After years of degradation, Mississippi River islands near Lansing, Iowa, are receiving much needed attention.
The Harper’s Slough Habitat Rehabilitation and Enhancement Project will protect five existing islands and construct an additional seven islands using material from the backwater and main channel. The project also includes protecting or restoring 98 acres of island habitat and creating more than 20 acres of overwintering habitat for bluegills and other fish species, which would contribute to enhancing the aquatic diversity in the 3,500-acre project area.
The project is located within the Upper Mississippi River National Wildlife and Fish Refuge and is part of the Upper Mississippi River Restoration Program. The program is a multi-agency, multi-district plan that restores aquatic habit along the river, said Tom Novak, project management.
“Partnerships are great,” Novak said. “Everyone brings a little bit to the table, and it really makes for a better project.”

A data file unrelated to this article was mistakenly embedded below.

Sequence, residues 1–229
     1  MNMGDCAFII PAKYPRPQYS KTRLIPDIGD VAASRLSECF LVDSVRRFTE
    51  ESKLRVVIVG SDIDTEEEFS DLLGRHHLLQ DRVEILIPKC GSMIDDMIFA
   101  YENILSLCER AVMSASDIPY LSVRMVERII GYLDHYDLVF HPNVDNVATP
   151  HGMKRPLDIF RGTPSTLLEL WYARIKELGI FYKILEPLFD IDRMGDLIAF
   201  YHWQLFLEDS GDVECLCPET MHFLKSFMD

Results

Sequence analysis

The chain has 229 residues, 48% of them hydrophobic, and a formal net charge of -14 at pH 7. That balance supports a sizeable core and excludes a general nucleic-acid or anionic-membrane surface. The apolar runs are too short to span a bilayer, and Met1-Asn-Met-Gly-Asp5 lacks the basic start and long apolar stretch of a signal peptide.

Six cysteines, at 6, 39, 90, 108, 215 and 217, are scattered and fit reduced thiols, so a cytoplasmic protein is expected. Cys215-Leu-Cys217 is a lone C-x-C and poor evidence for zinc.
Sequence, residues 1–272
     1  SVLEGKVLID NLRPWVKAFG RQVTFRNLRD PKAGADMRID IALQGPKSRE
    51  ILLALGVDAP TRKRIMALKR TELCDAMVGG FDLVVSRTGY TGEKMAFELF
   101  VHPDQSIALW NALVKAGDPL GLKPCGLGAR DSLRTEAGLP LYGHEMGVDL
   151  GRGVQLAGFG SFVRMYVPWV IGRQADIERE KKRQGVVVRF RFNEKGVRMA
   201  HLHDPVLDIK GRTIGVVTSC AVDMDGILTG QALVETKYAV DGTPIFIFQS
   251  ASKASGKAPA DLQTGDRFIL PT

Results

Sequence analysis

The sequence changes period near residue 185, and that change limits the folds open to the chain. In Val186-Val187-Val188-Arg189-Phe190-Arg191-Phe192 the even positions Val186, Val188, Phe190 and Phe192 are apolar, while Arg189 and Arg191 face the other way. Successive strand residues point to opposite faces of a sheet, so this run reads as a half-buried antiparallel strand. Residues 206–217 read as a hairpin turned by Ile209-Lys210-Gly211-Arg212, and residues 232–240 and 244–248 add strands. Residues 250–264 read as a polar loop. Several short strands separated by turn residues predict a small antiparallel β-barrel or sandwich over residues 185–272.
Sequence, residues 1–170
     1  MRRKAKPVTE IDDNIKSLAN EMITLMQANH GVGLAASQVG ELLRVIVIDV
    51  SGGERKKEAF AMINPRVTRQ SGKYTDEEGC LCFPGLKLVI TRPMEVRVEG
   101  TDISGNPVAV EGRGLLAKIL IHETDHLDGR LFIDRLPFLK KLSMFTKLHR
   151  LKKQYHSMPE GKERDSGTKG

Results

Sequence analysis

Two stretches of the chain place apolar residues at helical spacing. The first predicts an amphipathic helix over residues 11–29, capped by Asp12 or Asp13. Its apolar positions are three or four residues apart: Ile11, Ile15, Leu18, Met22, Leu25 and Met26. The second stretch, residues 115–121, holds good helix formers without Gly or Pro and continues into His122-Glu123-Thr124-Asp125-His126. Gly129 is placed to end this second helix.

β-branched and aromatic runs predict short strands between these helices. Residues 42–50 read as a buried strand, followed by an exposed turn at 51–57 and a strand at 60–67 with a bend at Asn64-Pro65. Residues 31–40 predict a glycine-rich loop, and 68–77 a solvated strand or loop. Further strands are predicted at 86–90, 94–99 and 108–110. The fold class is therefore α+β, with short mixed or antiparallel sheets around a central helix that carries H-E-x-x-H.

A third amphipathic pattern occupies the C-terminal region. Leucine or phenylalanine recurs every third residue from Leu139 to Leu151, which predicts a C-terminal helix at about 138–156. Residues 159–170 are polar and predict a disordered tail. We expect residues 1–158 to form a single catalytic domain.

Due largely to an early spring thaw and no flooding, the 2015 construction season for the Harpers Slough project yielded the construction of three new islands, two of which will serve to protect existing islands. More than 170,000 cubic yards of sand and fine materials and 25,000 tons of rock were placed this season.
“We really couldn’t have expected better construction conditions than we did this year,” Novak said. “To be able to do this work in the river, up here, from April to mid-October, is very rare.”
Depending on weather conditions, Novak said he hopes an additional three islands will be constructed in 2016. The final islands should be constructed in 2017 with the project scheduled to be completed by 2019.
The program emphasizes habitat rehabilitation and enhancement projects and long-term resource monitoring. Project component includes dredging backwater areas and channels, constructing dikes, creating and stabilizing islands and controlling side channel flows and water levels. Once the project is completed, the project will be turned over to the U.S. Fish and Wildlife Service, who manages the refuge. Upper Mississippi River Restoration Program partners include the U.S. Army Corps of Engineers’ St. Paul, Rock Island and St. Louis districts; the U.S. Fish and Wildlife Service; the U.S. Geological Survey; the natural resources department in IIllinois, Iowa, Minnesota, Missouri, Wisconsin and the public.